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Purson – In The Meantime EP

Machine Elf

Purson – In The MeantimeIt’s 1967, The Beatles are No 2 in the charts with “Strawberry Fields,” Pink Floyd are playing The UFO Club, The Incredible String Band are discovering layers of the onion and Hapsash are designing posters to blow your mind. Fast forward 20 years and you have the Alice in Wonderland Club, The Dukes of Stratosphere, The Magic Mushroom Band and Freakbeat magazine. Now in 2014, yet another new wave of psychedelia has been making its way back into the underground clubs and venues for the last couple of years. One of the best bands to get the psychedelic/progressive tag is Purson and this new EP (OK, in my day a four track disc was called an EP) or mini-album shows just why.

The opening track is wonderful experience full of exotic musical colours. Its called “Death’s Kiss” and is performed entirely by Rosalie Cunningham — it’s here where she pushes her Beatles influence to the fore, creating a musical garden of earthly delights. The opening lines sung over an acoustic guitar have an almost Sandy Denny-type feel to them before the track spirals off in to a marvellous catchy refrain not a million miles away from the music heard in Pepperland. Mellotrons, guitars and recorders cast a spell over the listener whilst the sound is transformed by some amazing phasing. At just under three minutes though, it did feel like it could go on for a while longer to really indulge in its multi-coloured range and hues.

“Danse Macabre” is more of a straight-ahead rocker with a catchy chorus and some Rick Wright organ stabs by Sam Shove. Here we get closer to their sometimes doomy occult sound as the song powerhouses along. It still has some marvellous phasing and a wonderfully dramatic guitar solo. There’s something almost anthemic about it and has enough retro early Seventies goodness to make you want to drag out your flared jeans with the smell of patchouli oil on them. A Bowie “Five Years” rolling drum pattern from James Last introduces “Wanted Man,” which mixes descending chords, not unlike a Budgie song, over some bluesy guitar and a heartfelt vocal from Rosalie. When the middle section hits in the band take it right down for some nice laid back guitar and some phased and echoed back tracking that gives a psychedelic feel. Then the band gets all proggy with a big bombastic riff before hitting back into the track. Some Gilmour-sounding lead guitar slides back into the verse which even features an Aleister Crowley quote.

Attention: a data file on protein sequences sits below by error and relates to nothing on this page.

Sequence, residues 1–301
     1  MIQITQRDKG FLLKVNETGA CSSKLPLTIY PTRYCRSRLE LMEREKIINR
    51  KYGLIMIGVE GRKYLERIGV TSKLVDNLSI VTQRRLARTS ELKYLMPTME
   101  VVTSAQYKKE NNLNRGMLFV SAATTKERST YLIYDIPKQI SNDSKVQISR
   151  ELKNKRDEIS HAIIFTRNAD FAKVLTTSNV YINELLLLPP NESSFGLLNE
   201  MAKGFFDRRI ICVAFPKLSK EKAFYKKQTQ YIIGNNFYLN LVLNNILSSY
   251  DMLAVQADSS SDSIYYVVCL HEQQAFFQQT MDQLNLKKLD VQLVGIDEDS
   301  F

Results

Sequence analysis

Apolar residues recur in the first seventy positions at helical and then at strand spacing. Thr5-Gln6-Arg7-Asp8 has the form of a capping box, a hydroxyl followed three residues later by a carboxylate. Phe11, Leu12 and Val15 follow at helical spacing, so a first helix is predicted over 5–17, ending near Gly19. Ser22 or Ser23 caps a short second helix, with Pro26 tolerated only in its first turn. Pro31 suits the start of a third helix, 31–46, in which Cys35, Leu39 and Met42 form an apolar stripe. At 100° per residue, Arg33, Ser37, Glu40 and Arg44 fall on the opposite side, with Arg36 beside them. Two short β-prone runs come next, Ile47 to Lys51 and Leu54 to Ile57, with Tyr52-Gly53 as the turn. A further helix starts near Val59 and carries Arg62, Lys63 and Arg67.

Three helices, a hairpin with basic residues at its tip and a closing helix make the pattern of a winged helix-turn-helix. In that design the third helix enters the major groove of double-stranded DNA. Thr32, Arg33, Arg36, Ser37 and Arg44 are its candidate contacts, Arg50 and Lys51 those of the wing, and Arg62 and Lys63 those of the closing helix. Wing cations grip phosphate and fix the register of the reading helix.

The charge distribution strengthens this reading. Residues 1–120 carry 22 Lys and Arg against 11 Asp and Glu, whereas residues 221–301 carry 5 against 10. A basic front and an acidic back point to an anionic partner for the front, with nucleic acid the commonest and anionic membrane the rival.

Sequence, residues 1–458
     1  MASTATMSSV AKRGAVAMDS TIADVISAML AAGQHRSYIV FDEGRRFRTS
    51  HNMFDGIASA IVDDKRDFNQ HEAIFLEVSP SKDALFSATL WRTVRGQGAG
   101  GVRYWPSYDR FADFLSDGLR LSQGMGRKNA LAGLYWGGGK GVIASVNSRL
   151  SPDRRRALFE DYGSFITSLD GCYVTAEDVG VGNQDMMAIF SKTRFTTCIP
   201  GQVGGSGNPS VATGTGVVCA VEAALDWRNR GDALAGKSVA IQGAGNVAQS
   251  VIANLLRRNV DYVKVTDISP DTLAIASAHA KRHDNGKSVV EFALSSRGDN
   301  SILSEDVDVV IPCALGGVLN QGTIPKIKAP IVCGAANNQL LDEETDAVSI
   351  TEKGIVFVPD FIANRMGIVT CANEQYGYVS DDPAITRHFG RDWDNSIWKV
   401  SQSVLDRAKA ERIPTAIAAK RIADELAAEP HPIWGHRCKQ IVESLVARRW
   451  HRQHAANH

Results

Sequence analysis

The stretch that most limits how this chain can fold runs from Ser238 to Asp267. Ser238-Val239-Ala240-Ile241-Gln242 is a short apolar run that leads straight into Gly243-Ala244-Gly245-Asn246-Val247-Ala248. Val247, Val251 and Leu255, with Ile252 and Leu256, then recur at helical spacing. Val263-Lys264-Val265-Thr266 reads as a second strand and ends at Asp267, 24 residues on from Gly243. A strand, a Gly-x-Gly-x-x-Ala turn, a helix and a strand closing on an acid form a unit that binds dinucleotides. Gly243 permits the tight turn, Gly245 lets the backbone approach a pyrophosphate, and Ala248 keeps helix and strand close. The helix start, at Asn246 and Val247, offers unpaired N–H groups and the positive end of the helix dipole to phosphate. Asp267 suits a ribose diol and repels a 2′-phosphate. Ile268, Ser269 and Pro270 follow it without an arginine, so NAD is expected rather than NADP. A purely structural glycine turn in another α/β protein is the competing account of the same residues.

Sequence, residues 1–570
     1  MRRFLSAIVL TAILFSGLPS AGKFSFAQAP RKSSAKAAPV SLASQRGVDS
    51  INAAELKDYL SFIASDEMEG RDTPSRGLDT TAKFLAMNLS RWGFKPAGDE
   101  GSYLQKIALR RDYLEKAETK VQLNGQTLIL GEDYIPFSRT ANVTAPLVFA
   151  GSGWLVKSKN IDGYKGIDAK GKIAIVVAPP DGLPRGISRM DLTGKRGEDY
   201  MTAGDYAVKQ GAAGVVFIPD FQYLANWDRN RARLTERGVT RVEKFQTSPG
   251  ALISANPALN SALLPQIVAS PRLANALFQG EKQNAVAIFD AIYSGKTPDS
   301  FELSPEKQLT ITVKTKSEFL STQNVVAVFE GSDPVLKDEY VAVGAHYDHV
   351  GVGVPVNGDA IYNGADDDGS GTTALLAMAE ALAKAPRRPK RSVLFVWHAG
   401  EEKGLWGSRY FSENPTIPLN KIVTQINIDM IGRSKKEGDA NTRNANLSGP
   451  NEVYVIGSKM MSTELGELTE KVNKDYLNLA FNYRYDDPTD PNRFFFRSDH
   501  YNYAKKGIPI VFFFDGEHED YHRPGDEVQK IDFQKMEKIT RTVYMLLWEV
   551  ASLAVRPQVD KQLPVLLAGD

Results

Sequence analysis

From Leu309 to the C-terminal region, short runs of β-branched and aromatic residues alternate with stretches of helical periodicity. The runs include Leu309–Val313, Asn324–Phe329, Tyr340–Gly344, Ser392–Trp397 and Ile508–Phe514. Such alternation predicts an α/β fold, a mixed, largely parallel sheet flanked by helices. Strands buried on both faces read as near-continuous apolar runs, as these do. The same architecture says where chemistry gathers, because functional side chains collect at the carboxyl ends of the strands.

Haunted organ chords open “I Will Be Good” with some beautiful vocals from Rosalie, before the band kicks in to a 1967-sounding stomper that should be playing whilst strobe and liquid lights fill the club. A good powerful guitar riff carries the song through, the organ sounding like an old Farfisa mixed with a bit of Hammond. By the time the lead guitar settles in for some nice psych-out touches, the front row should be making groovy hand gestures towards the stage. Its a classic slice of British psychedelic rock, well-written and executed to perfection, and a great way to end the EP.

As always, Purson deliver a strong set of songs that are high on the melody count and will keep you humming and tapping your toes for daze. Get this direct from their website and help support the band. If this is a precursor of songs and sounds for the next album, then we are in for a treat folks.

-Gary Parsons-

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